Like most modern mobile applications that use a smartphone or tablet as a presentation layer, and provide applications and computing horsepower in a cloud-style environment, connected vehicles are the same. What’s fundamentally interesting about a connected car is that it provides far more intelligence about what its user, the driver, is doing. If my low fuel light comes on, the vehicle could intelligently gather a list of local gas stations. Take this to its next logical level, and a particular gasoline retailer could offer a fuel discount to encourage the driver to pull her thirsty vehicle into his service station. Based on our location and even queries to the navigation system, our cars know everything from when we’re hungry and what kind of restaurants we usually prefer, to when and where we’re speeding, or even when an emergency has occurred.

Autonomous cars, still several years away, might even use their sensor data to form ad-hoc networks that communicate with nearby cars and communicate road conditions, speed information, or even hazards that have been detected.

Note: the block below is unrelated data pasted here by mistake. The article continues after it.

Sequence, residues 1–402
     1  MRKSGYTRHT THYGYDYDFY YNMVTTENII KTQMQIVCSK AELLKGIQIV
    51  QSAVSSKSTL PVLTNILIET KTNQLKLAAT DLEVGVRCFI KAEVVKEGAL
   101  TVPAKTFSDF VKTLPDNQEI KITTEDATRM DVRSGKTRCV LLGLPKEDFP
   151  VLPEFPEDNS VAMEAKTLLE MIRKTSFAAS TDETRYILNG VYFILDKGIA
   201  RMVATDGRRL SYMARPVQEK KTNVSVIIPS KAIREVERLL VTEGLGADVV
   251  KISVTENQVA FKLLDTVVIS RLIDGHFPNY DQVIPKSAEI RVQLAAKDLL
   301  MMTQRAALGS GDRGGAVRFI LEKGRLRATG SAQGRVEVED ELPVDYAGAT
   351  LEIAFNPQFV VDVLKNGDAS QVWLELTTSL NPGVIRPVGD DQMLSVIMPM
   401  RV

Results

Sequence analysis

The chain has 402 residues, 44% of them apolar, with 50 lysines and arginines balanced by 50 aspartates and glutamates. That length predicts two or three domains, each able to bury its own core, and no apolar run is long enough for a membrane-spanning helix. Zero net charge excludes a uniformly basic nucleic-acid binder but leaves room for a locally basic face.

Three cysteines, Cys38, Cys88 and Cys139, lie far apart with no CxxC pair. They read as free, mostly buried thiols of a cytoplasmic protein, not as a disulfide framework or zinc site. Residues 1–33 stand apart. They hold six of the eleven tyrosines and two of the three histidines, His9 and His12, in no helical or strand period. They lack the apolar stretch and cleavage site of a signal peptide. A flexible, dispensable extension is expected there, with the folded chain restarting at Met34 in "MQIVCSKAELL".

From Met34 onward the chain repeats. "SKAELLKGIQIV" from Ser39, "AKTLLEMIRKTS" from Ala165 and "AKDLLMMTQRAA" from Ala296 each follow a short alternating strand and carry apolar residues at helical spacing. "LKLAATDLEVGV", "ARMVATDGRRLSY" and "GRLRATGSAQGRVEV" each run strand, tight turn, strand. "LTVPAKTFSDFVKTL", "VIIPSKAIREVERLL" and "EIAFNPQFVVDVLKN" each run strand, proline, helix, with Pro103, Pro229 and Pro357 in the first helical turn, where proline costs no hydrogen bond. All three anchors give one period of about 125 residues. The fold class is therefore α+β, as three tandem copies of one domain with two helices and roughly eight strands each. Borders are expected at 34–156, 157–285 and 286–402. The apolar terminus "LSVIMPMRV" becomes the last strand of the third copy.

Cars and the enterprise

The benefits and applications enabled by these technologies are relatively obvious from a consumer perspective, but you might be wondering how they’ll impact the enterprise. The most notable change is that the car now becomes a highly targeted channel for marketers. Just as you can email an offer to someone in a particular demographic who has searched for certain keywords in the last seven days, you can now push an offer to drivers who have a certain fuel level, are in a certain area, and tend to prefer cheeseburgers over salads.

An increasingly computerized and connected car also faces many of the same challenges as smartphones and tablets. There are literally life and death risks to securing access to certain vehicle subsystems, challenges to updating software on a massive fleet of geographically dispersed devices, and concerns about end user privacy. If your company markets to consumers or helps solve the challenges around managing mobile devices, you should be paying attention to the connected car. If you offer content or services that might be relevant to drivers, the connected car gives you a quick and easy way to reach those consumers.